But, as the magnet on my refrigerator says: "Make God laugh. Tell Him your plans." Surprise, surprise! Turns out I was able to keep my original job after all. Sure, I could have turned it down, but my practical side refused to throw away a steady income for the uncertainty of a start-up business. Launching a counseling practice isn't nearly as simple or inexpensive as starting an online travel agency. It would have been an easy choice if I didn't like my corporate job, but it's actually pretty cool. I design and develop online courses, which allows me to use a variety of skills, from writing to graphic design to Flash programming. I even get to toss in a little psychology while working out instructional strategies.

So here I am in Florida, still doing the same two jobs that I did back in Chicago. I finished my psychology degree this year, so now I am Dr. Barb, but goodness only knows when I'll be able to put all that education to use.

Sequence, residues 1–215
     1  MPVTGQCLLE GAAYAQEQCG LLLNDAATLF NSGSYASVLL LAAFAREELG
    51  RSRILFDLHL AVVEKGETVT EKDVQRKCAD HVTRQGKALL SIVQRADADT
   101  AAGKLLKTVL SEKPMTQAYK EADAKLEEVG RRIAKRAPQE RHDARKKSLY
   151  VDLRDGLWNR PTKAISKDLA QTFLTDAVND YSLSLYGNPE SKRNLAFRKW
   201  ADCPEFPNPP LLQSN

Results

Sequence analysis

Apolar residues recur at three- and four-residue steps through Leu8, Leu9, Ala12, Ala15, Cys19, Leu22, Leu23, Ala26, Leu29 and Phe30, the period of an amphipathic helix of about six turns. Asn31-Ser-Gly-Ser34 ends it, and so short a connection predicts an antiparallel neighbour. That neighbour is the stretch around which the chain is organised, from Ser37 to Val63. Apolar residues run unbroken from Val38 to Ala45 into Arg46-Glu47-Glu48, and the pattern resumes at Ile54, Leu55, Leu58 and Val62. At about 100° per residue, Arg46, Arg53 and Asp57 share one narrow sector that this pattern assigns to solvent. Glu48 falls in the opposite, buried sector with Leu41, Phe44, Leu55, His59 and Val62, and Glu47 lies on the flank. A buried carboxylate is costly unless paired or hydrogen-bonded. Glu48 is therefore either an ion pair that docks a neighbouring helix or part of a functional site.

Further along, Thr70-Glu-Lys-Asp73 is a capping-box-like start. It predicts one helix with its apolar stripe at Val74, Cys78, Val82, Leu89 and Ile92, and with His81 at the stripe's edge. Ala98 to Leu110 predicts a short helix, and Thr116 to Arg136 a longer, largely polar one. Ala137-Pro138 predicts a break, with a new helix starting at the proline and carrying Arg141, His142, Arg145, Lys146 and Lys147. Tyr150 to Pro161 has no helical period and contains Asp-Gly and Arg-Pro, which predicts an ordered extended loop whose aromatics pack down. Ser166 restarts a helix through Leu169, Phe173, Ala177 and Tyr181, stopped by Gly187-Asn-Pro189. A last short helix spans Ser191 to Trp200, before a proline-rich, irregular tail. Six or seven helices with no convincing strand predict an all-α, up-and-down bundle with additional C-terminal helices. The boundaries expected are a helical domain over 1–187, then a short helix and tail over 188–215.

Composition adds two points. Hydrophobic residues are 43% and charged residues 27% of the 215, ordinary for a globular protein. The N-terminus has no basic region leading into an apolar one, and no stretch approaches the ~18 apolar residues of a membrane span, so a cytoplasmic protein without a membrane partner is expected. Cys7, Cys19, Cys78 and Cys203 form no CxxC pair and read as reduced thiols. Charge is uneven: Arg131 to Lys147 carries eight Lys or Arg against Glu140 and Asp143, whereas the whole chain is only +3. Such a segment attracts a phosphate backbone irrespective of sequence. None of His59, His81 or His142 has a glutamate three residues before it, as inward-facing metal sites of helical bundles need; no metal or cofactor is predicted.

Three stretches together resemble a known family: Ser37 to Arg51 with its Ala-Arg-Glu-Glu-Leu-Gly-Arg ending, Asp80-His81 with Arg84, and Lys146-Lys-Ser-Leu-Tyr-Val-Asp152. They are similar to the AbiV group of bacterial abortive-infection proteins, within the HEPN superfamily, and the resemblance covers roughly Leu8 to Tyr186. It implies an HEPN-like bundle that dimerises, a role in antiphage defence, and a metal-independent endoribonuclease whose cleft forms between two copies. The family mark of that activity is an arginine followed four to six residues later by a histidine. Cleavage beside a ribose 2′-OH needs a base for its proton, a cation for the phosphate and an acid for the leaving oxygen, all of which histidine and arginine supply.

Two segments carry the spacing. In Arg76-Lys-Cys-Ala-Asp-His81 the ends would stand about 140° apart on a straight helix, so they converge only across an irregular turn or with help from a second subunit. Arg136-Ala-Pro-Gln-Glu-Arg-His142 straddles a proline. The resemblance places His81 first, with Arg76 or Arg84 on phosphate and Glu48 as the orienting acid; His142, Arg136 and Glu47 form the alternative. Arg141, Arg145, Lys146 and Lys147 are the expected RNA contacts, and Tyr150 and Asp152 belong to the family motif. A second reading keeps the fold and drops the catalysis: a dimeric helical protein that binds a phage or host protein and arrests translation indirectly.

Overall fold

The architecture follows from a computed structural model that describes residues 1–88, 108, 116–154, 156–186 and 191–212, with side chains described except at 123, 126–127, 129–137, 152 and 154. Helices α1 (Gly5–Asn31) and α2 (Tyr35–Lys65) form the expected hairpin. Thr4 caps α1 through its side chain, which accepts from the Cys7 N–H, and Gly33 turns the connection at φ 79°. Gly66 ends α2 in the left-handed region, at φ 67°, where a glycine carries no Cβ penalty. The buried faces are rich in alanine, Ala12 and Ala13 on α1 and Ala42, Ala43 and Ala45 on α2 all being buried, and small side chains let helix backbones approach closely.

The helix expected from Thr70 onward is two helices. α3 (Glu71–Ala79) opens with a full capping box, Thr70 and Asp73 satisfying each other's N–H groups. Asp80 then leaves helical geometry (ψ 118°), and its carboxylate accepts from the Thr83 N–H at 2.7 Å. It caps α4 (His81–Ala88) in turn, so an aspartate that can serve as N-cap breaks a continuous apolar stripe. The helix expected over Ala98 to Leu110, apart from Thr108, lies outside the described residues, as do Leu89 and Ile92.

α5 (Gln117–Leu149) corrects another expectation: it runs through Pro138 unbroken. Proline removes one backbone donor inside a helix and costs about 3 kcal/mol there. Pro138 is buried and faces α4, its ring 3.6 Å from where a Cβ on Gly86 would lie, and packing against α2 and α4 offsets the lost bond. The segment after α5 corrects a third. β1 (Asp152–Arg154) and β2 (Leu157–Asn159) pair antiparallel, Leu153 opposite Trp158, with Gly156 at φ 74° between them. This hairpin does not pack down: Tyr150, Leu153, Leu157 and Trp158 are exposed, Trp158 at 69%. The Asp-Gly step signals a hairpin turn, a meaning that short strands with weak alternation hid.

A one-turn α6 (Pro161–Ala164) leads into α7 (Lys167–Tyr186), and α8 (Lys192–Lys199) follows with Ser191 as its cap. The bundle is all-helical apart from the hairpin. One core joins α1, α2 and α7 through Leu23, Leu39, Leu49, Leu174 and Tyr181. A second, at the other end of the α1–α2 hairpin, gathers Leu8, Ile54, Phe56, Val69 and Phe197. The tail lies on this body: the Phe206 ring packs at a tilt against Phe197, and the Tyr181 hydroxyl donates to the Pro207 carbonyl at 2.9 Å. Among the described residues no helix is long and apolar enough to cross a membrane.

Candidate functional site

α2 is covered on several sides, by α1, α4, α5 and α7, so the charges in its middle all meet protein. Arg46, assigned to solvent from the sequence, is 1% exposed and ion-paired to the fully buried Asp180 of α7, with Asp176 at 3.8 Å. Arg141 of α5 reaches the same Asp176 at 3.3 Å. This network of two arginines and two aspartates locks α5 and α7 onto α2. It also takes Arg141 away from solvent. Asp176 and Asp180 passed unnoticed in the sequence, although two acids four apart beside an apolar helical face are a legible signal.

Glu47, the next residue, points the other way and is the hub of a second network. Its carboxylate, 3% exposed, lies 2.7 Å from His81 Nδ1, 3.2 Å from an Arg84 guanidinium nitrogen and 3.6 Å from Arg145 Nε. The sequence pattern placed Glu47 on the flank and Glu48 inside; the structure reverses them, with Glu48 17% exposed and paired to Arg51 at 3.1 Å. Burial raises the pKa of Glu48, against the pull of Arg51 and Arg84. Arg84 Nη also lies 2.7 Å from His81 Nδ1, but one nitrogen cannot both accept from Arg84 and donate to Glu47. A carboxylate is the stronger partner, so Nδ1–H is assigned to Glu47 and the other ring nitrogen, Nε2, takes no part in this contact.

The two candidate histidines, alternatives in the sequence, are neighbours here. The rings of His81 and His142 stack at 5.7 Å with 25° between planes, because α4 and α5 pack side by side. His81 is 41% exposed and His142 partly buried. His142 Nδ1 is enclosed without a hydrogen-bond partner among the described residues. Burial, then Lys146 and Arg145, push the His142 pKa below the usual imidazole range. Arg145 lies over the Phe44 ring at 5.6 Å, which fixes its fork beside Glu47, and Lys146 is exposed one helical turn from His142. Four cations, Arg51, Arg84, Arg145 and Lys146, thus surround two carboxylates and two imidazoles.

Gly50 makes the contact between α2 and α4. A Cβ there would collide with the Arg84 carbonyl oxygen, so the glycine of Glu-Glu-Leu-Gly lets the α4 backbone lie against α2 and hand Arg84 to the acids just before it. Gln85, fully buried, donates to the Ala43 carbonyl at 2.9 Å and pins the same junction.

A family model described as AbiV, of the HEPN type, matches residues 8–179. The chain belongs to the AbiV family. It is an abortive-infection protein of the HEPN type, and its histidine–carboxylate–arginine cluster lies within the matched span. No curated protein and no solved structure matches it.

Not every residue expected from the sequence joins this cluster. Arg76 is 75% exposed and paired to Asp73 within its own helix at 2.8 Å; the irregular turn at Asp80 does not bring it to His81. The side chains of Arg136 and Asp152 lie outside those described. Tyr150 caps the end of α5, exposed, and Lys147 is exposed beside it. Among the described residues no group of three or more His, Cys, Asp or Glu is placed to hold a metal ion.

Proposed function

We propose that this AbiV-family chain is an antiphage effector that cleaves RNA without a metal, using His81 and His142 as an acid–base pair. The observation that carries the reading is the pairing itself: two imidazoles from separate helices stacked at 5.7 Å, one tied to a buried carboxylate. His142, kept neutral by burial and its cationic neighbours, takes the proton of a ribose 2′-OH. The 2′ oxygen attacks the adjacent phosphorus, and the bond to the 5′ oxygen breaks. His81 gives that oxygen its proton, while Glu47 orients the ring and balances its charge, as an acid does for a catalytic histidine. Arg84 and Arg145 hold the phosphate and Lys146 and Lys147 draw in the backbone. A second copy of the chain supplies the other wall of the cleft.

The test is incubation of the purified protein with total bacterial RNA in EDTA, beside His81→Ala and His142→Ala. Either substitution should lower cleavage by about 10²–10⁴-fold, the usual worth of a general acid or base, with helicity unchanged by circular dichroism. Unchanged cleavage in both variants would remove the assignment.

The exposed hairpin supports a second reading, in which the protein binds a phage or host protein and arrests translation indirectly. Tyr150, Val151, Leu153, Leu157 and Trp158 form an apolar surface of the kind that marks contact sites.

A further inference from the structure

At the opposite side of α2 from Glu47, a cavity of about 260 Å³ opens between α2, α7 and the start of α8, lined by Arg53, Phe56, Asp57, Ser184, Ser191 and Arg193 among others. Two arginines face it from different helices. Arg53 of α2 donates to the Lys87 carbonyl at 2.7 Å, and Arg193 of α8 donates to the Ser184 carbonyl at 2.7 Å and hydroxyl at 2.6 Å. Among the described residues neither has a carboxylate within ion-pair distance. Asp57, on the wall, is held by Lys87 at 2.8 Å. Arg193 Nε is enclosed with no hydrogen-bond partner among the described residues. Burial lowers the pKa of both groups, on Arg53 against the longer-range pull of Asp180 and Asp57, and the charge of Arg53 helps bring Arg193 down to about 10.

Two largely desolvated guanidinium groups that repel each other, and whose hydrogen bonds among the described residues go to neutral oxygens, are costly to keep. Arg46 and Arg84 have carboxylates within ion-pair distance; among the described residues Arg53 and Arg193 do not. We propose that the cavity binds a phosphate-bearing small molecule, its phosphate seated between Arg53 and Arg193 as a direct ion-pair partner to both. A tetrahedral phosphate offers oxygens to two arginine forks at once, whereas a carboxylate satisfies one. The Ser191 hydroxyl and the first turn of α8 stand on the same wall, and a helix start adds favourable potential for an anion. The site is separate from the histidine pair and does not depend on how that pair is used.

Perhaps God gives us a few little hints. I remember driving home from college one night, lost in my thoughts on the dark, winding highway. Suddenly I had the strangest feeling. For just a moment, I felt what it would be like to be driving down a highway in Florida. For that little blip in time, my reality was 1200 miles away. It was like someone had momentarily folded a gauzy curtain of the future over my present-day life. The feeling disappeared as quickly as it had come, but I never forgot it. At the time, I thought that Florida was still a decade away, but it wouldn't be all that long before I'd be heading down 417 to my Celebration home and feeling reverse deja vu.

At this point, I have no idea of what the future will bring. I'm very content with my present life; I live in Celebration, right next door to Disney World, in a state where "winter" typically means 50 degrees. I can visit the theme parks whenever the whim takes me, and the Disney Cruise Line terminal is less than an hour away. I'm not doing counseling, but I enjoy running my travel agency, and my corporate training job is fairly enjoyable too. I'm toying with plans to run life skills classes, and God willing, someday that will come to fruition. But I'm not going to say anything least, not until I figure out whether God has alternate plans.

Learn more about Celebration on my website: